The humblebrag is a brag disguised as a self-derogatory statement. You’ve all seen these on Facebook, as when an acquaintance complains about all the travel she has to take (due to the importance of her job), or all the time he has to spend watching his kids play (and, by the way, win) hockey games. (The “Facebook gloat” is a bold-faced brag which is easier to spot but may very well have the same roots.)
  4. The insecure person frequently complains that things aren’t good enough.
    People high in inferiority like to show what high standards they have. You may label them as snobs, but as much as you realize they’re putting on an act, it may be hard to shake the feeling that they really are better than you. What they’re trying to do, you may rightly suspect, is to proclaim their high standards as a way of asserting that not only are they better than everyone else, but that they hold themselves to a more rigorous set of self-assessment criteria.

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Returning to the Brookes study, there can be aspects of overt narcissism that actually do work in helping the insecure feel more confident in their abilities. However, this comes at the price of making everyone else feel less confident. I wouldn’t recommend bolstering your sense of self-efficacy by putting down everyone else.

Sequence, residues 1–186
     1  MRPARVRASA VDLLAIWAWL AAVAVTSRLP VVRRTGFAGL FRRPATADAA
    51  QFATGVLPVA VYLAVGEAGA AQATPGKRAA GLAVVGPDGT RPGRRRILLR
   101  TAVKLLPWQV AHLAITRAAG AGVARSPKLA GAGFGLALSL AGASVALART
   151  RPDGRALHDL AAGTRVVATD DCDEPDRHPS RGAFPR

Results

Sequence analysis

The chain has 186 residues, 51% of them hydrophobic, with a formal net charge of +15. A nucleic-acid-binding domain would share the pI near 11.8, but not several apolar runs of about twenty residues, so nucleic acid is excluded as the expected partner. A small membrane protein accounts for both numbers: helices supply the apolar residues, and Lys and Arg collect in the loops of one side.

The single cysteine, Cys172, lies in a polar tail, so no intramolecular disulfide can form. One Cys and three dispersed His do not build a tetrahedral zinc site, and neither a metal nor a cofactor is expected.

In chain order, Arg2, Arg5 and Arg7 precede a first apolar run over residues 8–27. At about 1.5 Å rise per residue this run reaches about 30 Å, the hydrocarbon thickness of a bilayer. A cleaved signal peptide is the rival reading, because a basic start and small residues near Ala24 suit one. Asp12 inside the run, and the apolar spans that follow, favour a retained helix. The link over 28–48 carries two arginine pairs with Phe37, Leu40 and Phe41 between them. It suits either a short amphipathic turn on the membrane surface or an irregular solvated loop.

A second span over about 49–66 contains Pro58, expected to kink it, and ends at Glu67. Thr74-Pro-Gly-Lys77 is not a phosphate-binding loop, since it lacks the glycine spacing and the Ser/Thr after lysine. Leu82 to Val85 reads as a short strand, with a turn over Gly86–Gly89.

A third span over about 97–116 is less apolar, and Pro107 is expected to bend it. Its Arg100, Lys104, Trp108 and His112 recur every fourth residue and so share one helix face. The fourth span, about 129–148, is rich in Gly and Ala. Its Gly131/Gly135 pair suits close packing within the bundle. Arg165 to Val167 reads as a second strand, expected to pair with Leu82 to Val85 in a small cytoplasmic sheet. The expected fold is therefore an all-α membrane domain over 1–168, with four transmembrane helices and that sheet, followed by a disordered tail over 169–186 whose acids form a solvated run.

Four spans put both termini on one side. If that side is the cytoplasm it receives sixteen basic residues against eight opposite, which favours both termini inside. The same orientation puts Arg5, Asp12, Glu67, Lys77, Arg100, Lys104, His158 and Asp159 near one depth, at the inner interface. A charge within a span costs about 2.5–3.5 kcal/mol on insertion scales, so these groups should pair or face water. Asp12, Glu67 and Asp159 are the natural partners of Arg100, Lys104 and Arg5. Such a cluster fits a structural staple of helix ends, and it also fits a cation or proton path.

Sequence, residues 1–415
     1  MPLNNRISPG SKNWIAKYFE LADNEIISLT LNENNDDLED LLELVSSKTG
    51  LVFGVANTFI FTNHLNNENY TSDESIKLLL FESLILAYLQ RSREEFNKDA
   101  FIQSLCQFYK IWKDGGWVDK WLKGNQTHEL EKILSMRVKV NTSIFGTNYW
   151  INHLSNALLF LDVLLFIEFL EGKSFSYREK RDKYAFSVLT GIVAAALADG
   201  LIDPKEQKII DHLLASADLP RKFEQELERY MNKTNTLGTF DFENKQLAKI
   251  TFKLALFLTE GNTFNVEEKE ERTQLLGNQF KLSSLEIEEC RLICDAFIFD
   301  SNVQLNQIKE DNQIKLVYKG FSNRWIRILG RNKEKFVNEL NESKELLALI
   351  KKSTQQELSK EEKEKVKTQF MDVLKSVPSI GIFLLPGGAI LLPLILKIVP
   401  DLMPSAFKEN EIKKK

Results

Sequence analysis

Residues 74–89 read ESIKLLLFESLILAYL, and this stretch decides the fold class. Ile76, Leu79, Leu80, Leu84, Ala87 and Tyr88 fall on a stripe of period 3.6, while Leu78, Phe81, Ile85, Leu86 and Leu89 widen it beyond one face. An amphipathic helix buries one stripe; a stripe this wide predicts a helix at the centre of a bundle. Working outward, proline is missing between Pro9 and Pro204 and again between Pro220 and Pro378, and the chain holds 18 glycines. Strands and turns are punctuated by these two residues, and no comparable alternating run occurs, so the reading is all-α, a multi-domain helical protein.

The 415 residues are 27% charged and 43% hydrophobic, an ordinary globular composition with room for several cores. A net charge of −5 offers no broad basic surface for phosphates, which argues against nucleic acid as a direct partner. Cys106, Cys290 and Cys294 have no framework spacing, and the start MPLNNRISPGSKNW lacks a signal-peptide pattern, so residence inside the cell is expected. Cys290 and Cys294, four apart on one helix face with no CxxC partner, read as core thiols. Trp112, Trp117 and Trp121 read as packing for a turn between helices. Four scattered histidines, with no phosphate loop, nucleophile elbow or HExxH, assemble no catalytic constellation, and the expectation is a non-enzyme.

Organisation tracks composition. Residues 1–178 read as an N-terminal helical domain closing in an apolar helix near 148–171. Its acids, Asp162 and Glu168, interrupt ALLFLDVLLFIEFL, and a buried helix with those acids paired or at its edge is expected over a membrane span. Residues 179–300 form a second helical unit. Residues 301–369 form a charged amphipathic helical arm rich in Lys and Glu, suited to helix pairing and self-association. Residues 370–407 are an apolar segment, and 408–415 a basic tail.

To sum up: Being able to detect insecurity in the people around you can help you shake off the self-doubts that some people seem to enjoy fostering in you. Taking the high road, and not giving in to these self-doubts, may also help you foster feelings of fulfillment both in yourself and in the insecure people you know and care about.

I think it’s safe to assume that “normal” people want to be happy. We want to be around happy people, in happy environments, feeling good and doing things that make us happy. So, if happiness (and happy experiences) is our goal, what can we do to reach that goal? If happiness is a common goal for so many people, why are so many people unhappy? There’s got to be a way for each of us to attract the happiness we seek; but how?